Washington (CNN) - Former presidential candidate Republican Steve Forbes predicted Mitt Romney will "limp over the finish line" to capture the GOP presidential nomination in a fight that will not end in the next few months.
Forbes, the editor-in-chief of Forbes Media who previously backed Rick Perry for president, said in an interview broadcast Sunday that Rick Santorum's recent ascendancy in the race will contribute to the extended battle.
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"Santorum, I think, is going to have a good week and on Tuesday," Forbes said on CNN's "State of the Union" in reference to upcoming contests. "And so I don't think it's going to be a knockout blow anytime soon. So I see this going right into June."
On the same program, former Democratic House Majority Leader Richard Gephardt, who also ran for president, said Romney is more likely than Santorum to present a strong message on the economy in the fall.
"To do well in the presidential campaign, they've got to have a strong economic message, and to the extent that Rick Santorum has been talking more about social issues and less emphasis on the economic issues, it may be that Romney could fulfill that role better," Gephardt told CNN Chief Political Correspondent Candy Crowley.
However, Gephardt said a lack of a dominant Republican presidential candidate makes it increasingly likely the Senate will remain in Democratic control.
Forbes and Gephardt each mounted two unsuccessful runs for their party's presidential nomination – Forbes in 1996 and 2000 and Gephardt in 1988 and 2004.
Gephardt, who represented Missouri in the House for almost three decades, said super PACs have changed the viability of presidential campaigns.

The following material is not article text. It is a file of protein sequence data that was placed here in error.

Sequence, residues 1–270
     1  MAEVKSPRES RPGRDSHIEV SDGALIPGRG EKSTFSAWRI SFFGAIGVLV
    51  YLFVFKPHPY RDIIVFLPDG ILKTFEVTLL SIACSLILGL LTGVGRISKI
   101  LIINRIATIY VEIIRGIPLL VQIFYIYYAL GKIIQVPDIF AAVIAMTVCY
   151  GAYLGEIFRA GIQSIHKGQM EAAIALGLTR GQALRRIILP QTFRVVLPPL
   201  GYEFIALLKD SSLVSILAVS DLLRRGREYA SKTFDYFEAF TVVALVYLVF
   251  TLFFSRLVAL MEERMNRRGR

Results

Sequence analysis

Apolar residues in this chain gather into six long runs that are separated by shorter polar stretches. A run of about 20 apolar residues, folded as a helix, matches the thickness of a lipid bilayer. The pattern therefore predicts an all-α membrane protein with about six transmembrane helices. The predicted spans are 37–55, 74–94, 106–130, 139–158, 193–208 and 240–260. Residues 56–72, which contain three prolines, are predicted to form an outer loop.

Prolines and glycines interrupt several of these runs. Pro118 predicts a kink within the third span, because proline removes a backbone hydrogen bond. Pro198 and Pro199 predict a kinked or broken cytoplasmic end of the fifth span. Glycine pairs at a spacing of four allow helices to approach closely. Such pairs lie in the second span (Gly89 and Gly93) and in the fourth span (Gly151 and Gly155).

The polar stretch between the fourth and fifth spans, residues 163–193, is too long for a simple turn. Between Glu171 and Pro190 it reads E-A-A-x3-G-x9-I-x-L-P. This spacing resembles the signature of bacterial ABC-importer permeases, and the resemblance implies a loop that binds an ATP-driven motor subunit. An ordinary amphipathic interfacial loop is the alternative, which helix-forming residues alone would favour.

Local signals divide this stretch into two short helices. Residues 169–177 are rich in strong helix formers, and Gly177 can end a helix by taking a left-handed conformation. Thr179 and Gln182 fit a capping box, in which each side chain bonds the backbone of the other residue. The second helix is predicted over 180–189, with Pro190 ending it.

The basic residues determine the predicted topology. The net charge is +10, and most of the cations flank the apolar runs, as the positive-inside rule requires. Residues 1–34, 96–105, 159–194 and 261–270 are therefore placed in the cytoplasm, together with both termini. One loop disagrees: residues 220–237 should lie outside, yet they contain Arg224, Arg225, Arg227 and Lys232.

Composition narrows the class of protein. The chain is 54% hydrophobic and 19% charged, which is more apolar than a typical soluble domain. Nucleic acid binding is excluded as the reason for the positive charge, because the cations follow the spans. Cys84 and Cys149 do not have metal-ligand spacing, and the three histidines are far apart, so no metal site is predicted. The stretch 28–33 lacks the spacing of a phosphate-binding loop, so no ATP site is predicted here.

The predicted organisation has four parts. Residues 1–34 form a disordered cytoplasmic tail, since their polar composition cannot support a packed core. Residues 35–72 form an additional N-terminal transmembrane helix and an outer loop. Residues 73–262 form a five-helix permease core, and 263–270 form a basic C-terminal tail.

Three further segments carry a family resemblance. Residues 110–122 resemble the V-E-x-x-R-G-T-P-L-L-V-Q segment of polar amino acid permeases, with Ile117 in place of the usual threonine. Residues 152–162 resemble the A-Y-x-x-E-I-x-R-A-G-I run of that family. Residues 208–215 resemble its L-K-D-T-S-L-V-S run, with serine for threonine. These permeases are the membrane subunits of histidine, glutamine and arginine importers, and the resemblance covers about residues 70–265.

"When you ran out of money, you couldn't buy an airplane ticket to go to the next stop. So that's when people usually got out. So that's what happened to me in my races," Gephardt said. "But that may be a little changed today."
Despite the presence of super PACs, Forbes said at some point the candidates still lose credibility.
That point will come on Tuesday for Newt Gingrich, Forbes said, when voters in the southern states of Alabama and Mississippi cast ballots.
"If he doesn't do well or carry both of those, he's just not going to have the credibility. He can carry on, but he's not going to be taken seriously as a possible winner," Forbes said.
Santorum and Gingrich have received calls to drop out of the race despite capturing delegates and states early in the nominating cycle. To date, Romney has won the most delegates.
Gephardt said the decision to suspend a campaign is ultimately organic.
"When you can't make payroll, it's obvious that you need to get out, because you don't want to hurt these people and you can't really ask them to be volunteers for month after month when you can't pay payroll," Gephardt said. "So your campaign manager, you know, you're talking every day, every minute of every day and so you pretty easily come to the decision that's right.”
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